Essay:Best New Conservative Words

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Each year the English language develops about a thousand new words. Over the course of a century, that amounts to 100,000 new words. Since the King James Version of the Bible was published in 1611, perhaps a half a million new English words have been developed.

The "tax-and-spend" slogan stuck to Harry Hopkins like a well-fitted suit.

The inevitable triumph of conservatism over liberalism is apparent from comparing the rates of generation of new terms of each type, and the quality of the terms so generated. Conservative terms are being generated at a faster rate, and with much higher quality, than liberal terms are. In the 20th century, for example, more conservative terms were developed, and they were developed at a steadier pace. The new liberal terms were clustered in the 1920s and 1960s, were fewer in number, and lacked the same high quality.

Powerful, insightful new conservative terms have grown at a geometric rate, doubling every century. Here are some examples developed since the King James Version was published:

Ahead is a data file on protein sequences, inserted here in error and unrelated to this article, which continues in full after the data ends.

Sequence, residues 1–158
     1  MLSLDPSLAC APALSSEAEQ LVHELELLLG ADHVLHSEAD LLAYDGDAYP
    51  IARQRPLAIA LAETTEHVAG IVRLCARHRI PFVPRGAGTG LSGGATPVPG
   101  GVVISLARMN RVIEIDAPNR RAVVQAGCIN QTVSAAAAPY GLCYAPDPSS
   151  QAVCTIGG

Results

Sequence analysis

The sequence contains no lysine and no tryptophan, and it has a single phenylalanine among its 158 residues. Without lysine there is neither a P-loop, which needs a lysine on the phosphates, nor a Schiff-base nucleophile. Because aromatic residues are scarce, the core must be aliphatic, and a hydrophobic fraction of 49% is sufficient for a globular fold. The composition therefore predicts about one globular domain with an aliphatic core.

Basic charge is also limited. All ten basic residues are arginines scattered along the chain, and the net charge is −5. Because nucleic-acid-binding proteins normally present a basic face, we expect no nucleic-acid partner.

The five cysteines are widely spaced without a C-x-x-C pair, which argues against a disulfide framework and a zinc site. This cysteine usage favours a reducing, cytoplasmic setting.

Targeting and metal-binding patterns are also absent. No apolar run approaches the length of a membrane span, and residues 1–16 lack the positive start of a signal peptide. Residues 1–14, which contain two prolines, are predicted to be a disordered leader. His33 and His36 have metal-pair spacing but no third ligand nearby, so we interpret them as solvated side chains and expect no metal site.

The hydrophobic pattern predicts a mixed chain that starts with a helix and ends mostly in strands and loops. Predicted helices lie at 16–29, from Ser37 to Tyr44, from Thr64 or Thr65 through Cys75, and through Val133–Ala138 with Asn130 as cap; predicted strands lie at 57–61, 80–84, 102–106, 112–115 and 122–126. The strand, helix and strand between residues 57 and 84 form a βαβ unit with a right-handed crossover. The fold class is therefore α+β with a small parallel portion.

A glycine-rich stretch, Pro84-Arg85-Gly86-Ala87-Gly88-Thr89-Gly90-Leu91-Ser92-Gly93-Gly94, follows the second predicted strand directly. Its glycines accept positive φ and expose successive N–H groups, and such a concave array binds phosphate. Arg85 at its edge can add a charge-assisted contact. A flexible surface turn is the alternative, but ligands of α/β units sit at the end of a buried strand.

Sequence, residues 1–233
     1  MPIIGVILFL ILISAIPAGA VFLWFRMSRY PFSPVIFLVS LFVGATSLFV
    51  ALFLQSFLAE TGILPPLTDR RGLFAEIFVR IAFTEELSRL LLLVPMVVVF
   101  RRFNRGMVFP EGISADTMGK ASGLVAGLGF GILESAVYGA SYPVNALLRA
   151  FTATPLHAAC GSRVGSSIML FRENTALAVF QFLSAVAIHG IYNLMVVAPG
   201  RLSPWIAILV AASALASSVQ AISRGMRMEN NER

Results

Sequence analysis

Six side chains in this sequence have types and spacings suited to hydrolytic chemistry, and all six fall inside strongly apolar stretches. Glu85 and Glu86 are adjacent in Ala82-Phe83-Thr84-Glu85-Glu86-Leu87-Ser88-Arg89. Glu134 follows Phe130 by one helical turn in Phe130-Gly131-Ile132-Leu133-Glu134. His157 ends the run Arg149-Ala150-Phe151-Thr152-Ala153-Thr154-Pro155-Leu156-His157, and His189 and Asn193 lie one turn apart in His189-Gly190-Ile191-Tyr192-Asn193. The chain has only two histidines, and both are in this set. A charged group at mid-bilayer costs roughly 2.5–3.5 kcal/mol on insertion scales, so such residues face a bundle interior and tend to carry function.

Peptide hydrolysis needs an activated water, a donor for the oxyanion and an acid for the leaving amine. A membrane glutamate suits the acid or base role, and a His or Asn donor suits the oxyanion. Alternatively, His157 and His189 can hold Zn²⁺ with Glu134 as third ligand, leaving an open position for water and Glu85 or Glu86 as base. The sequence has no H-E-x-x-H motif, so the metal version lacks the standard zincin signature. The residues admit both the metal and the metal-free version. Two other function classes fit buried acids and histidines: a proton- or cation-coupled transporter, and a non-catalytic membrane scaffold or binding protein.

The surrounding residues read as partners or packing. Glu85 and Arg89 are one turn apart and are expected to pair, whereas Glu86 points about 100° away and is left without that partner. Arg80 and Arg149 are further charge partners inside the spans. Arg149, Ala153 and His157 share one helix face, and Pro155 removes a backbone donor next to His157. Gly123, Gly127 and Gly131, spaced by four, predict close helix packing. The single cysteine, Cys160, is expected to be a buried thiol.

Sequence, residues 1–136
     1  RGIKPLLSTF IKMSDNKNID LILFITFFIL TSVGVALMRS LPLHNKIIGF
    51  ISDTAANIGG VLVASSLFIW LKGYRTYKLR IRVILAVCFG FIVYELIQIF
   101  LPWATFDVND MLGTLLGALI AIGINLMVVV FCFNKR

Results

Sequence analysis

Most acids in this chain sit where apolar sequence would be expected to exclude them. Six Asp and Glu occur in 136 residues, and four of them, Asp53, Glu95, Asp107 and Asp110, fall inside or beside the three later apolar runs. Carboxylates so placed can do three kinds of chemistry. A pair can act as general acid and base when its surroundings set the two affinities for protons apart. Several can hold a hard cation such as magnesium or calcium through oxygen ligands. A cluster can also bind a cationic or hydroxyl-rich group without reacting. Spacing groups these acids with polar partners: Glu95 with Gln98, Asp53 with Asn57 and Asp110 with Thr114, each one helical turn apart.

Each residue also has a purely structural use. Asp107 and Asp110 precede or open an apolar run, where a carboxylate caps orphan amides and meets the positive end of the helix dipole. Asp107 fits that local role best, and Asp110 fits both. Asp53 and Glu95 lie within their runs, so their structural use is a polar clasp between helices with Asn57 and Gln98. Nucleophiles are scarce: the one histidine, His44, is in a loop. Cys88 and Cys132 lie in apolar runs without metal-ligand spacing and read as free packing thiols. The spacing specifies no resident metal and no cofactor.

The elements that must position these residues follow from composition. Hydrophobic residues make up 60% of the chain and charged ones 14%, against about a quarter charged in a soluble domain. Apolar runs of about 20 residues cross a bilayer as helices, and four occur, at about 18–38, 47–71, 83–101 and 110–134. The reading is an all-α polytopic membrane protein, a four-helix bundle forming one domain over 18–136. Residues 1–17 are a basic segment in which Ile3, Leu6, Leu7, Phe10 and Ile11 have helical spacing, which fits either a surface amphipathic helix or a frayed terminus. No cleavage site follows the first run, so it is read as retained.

New Term Origin date Comments
accountability 1794
alarmism 1867 needless warnings
American dream 1911[1]
anti-Christian 1900s about a million sites turn up in a Google search, yet the Merriam-Webster dictionary doesn't recognize this important term
assimilate late 1800s the desired absorption of immigrant groups into the culture and mores of the resident population
bailout 1951 wasting taxpayer money to rescue, temporarily, a failing company
biased 1649
Blue Dog Democrat 1995 A person who adheres to conservative principles within the Democratic party, once called a Boll Weevil
bork 1988 coined by William Safire to refer to how Democrats savage a conservative nominee, such as their defeat of Supreme Court nominee Robert H. Bork.
brinkmanship 1956 the art of displaying a willingness to use military force in order to obtain a just resolution to a conflict between nations